Weepin' Willows I've lived in Logan Square for most of what I consider my adult life. While the character of the neighborhood is ever changing—we've got fancier pancakes now—unreal Patsy Cline cover band Weepin' Willows remains one of my favorite Logan Square perks. Lead singer Natalie Jose is a friend of mine, and thank goodness for it, because I work nights and don't see much live music. It was our friendship that brought me out to my first Weepin' Willows show at the Whistler, but it's the raw honesty of Natalie's voice and the stellar musicianship of her ensemble that has turned me to a die-hard fan. For those of us that missed Patsy Cline in her day, Weepin' Willows offers a second chance to connect with her heart-opening (and heart-crushing) tunes. Right now folks can catch the band at intimate venues, mostly within the Logan Square/Humboldt Park confines, so tie a kerchief round that neck of yours and get ready to dance cheek to tear-stained cheek.
Comjourn.com With my job, I spend a lot of time keeping tabs on the best new music, trending Web start-ups, and painfully cute cat videos. In my never-ending search for the best of the Web, I stumbled onto ComJourn.com, a refreshing new project from two talented Columbia College students. Erik Rodriguez illustrates the unique journalism of Darryl Holliday in a rather perfect mashup of comic journalism.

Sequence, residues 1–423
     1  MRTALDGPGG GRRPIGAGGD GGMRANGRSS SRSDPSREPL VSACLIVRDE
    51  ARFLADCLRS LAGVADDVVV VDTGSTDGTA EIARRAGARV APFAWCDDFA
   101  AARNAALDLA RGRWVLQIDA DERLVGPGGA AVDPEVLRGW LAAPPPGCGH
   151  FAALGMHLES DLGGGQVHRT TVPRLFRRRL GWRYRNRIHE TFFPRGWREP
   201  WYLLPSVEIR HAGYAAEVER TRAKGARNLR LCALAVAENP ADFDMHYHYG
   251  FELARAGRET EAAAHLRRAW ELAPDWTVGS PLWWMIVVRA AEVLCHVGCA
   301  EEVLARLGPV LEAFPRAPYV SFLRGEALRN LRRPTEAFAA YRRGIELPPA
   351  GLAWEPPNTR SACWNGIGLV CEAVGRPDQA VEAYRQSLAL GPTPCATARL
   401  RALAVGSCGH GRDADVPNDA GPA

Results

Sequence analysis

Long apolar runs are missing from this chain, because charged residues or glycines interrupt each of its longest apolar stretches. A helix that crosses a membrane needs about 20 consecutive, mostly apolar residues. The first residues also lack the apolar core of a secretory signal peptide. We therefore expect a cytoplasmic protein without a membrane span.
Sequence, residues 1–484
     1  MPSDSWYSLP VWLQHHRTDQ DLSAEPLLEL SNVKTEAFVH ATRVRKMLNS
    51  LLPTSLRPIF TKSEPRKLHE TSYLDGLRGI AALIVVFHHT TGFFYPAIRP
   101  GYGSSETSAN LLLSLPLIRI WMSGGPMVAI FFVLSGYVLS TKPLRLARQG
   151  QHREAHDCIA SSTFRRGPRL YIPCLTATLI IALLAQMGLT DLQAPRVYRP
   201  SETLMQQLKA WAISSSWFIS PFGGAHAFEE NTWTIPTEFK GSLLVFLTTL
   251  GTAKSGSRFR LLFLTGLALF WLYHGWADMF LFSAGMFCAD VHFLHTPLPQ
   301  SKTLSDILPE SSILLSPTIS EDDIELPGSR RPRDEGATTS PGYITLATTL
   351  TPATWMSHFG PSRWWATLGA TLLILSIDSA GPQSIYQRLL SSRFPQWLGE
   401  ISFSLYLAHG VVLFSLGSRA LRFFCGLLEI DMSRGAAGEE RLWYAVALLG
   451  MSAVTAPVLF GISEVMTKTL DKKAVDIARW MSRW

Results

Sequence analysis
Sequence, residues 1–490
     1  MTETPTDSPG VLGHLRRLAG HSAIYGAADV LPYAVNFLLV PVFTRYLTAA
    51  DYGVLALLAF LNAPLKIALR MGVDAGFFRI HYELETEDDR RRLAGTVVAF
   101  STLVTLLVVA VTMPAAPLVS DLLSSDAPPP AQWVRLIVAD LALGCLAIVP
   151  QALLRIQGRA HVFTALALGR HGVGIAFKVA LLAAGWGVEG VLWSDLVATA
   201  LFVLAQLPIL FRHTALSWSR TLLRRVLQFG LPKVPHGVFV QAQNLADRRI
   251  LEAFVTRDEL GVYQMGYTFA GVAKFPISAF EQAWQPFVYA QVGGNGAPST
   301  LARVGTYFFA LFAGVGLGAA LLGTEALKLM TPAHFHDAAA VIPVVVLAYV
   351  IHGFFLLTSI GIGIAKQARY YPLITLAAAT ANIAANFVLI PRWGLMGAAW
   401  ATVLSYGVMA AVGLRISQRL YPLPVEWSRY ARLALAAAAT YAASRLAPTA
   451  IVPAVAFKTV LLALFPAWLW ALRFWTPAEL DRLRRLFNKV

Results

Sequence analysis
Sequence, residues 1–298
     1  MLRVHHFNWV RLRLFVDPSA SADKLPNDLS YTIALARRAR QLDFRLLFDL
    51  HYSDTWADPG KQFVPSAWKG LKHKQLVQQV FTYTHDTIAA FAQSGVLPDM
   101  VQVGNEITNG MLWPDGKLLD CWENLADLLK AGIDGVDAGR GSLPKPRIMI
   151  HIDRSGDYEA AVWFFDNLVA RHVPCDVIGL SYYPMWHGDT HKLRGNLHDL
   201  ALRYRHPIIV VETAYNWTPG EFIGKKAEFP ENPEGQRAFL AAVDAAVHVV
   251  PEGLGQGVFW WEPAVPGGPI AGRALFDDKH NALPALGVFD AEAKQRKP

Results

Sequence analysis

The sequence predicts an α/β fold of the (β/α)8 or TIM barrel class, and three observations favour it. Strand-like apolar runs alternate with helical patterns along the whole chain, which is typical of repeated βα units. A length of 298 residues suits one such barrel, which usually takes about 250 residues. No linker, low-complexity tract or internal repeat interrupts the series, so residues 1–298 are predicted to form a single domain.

As it turns out, the duo was awarded an Albert P. Weisman Award that will allow them to print a compilation of stories later in the year. While the stories look great on the Web (the site provides a number of different views), I can't wait to get my hands on a printed copy, which is how these pieces deserve to be read. Here's to hoping this genre catches on beyond the Chicago skyline.
Destruction Myth You know how in your group of friends there's always the zeitgeisty one with the impressive coffee table? Mine's named Melody Kamali and this collection of poems has been on her coffee table for almost two years now, surviving many rearrangements. I finally ran out of ways to comment on the cover art (it really is interesting!) and asked to borrow it. I read it all in one night. Mathias Svalina, a Chicago native, ironically opens Destruction Myth with a series of absurd creation myths. In the first one, the universe is created when Larry Bird retires to his basement to build tiny watches. In another, the universe came out of a tuba that just wanted to play polka music. This imaginative series of poems, all titled "Creation Myth," leads up to 13-part destruction myth. I don't want to give out any spoilers but just know that in the end, there will be taffy, "a knotted strand of bleach-blonde hair," and an episode of Cheers.